RD: Recently the U.S. has been cutting back on many programs aimed at Russia, for example, Title VIII, Muskie, Fulbright. The office of the Kennan Institute in Moscow is also closing. Does this mean that America is losing interest in Russia and switching its focus to other regions?

K.K.: I don’t know if it’s losing interest or not, but I understand very well that if Americans are really losing interest, they are making a very big strategic mistake, because most problems in today’s world are simply impossible to be solved without Russia. After all, most of these problems directly concern the U.S. as well.

RD: Last week, Vladimir Putin signed a decree on the new Foreign Policy Concept of the Russian Federation in the field of international development assistance. According to the document, Russia is changing its approach to international development assistance and focusing on targeted bilateral aid programs. What is this decision based on? How will it affect Russian soft power?

K.K.: We talk about aid for developing countries based on two principles.

Of course, the major one is that implementing such problems should resolve domestic social and economic problem of such countries. No less important is that, as result of such programs, Russia could feel more confidently in dealing with reliable, predictable and stable partners, which will stop exporting their own problems to our country. This is the sense of this work.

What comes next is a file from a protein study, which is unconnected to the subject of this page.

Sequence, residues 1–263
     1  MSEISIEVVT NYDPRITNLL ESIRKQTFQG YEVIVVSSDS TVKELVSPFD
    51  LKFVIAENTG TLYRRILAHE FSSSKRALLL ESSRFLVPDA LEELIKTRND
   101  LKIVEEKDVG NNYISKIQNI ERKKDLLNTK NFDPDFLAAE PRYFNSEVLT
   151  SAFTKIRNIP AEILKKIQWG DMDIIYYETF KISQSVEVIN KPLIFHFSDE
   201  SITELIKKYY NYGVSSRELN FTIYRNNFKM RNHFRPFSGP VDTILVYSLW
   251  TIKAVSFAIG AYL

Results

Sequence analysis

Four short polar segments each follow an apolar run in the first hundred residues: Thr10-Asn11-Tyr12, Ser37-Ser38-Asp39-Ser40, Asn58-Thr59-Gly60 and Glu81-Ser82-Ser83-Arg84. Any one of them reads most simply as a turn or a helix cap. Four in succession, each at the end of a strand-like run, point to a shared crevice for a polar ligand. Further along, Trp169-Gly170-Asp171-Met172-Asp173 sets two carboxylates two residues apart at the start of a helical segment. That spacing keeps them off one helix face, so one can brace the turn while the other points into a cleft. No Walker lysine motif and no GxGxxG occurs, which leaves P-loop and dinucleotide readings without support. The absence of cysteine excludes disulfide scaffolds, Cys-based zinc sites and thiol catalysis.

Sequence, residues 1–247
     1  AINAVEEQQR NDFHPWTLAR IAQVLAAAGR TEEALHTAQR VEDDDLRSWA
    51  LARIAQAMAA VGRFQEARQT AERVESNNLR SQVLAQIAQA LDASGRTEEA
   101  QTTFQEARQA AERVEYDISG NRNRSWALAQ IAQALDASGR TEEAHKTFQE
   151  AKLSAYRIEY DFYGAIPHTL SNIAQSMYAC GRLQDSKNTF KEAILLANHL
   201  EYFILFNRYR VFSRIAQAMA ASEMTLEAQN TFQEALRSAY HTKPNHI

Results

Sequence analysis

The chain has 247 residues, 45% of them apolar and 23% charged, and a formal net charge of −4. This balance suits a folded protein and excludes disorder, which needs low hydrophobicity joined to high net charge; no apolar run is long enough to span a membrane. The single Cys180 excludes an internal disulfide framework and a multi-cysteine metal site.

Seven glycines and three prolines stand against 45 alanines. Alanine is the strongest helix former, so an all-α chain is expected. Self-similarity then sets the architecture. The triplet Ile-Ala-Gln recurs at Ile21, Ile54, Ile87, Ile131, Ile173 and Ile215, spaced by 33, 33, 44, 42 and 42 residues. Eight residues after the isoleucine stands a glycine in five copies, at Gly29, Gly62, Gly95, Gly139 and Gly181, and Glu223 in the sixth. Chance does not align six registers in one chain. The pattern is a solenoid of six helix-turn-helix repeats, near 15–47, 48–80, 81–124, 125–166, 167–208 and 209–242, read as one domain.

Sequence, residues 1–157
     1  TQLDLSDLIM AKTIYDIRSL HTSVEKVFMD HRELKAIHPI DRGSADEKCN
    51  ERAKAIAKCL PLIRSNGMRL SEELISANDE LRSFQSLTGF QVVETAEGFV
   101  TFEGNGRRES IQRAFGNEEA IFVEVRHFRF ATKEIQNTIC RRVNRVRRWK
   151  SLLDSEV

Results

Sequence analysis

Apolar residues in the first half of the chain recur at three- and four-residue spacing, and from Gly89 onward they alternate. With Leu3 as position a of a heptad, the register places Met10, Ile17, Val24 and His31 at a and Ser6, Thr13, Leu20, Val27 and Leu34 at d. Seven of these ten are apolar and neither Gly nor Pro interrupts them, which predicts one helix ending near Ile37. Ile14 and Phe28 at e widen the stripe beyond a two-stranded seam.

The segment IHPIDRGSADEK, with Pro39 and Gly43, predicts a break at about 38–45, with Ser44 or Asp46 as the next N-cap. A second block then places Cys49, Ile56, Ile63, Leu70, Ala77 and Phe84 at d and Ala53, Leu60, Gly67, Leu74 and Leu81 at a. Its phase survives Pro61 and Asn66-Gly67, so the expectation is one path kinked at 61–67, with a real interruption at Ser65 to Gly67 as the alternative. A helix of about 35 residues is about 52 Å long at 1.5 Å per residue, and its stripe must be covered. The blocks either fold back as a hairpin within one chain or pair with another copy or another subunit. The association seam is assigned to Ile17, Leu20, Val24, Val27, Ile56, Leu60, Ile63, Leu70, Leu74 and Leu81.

At a certain level Russia has realized for itself that as a global leader it should maintain its leadership as a donor. In this context, there is an increasing role for understanding what we are doing.

And so, under the new concept, we are moving from a passive role as a participant in multilateral programs to an active role as a designer of such programs.

And these programs will be structured primarily on a bilateral level — under the Russian flag, so to speak, and not only through our contributions to international organizations, where they inevitably get de-personalized.

Second is identifying the geographical priorities of this assistance in line with Russia’s national interests. In other words, we are not only engaged in global philanthropy for all who need it, but also we purposely provide help for those who are close to Russia and whom Russia is interested in. I mean, of course, the CIS countries.

It should be noted first of all that the bilateral format allows us to retain control of the projects and choose the countries as we see fit. Second, two-way channels are far more effective in promoting the interests of domestic business.